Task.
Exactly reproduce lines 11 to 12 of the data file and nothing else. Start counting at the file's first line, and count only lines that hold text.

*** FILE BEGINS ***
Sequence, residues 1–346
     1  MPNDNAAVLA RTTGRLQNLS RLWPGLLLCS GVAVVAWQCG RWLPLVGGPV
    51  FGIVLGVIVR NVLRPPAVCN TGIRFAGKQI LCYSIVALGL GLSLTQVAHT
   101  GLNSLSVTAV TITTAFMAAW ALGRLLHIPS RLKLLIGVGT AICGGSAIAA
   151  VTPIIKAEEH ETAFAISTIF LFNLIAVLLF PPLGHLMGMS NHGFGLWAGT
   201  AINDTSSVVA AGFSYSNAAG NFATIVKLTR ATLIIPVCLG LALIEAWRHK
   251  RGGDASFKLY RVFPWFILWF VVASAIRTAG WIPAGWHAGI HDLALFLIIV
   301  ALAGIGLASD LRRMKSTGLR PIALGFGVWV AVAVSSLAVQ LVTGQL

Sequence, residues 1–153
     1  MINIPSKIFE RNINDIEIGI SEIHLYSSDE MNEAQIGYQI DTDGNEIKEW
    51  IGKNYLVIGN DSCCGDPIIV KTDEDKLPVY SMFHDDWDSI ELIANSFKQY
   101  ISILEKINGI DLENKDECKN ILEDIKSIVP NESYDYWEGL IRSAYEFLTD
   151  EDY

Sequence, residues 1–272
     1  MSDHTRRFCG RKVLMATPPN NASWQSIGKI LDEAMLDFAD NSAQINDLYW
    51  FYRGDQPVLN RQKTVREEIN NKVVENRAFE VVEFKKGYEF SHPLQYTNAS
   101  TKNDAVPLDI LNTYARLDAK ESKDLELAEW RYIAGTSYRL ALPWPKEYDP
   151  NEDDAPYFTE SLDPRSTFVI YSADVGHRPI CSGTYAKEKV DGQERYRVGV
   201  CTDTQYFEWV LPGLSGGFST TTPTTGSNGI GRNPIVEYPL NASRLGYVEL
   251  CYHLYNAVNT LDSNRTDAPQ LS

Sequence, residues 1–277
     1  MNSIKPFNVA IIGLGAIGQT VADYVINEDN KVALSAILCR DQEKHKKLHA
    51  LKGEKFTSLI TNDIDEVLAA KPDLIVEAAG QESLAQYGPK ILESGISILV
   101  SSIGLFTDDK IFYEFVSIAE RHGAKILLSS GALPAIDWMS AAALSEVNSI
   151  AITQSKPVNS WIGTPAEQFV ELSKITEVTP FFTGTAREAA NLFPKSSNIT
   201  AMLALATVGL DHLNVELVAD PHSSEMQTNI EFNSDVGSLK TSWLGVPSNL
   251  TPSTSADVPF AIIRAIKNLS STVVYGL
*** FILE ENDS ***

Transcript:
    51  IGKNYLVIGN DSCCGDPIIV KTDEDKLPVY SMFHDDWDSI ELIANSFKQY
   101  ISILEKINGI DLENKDECKN ILEDIKSIVP NESYDYWEGL IRSAYEFLTD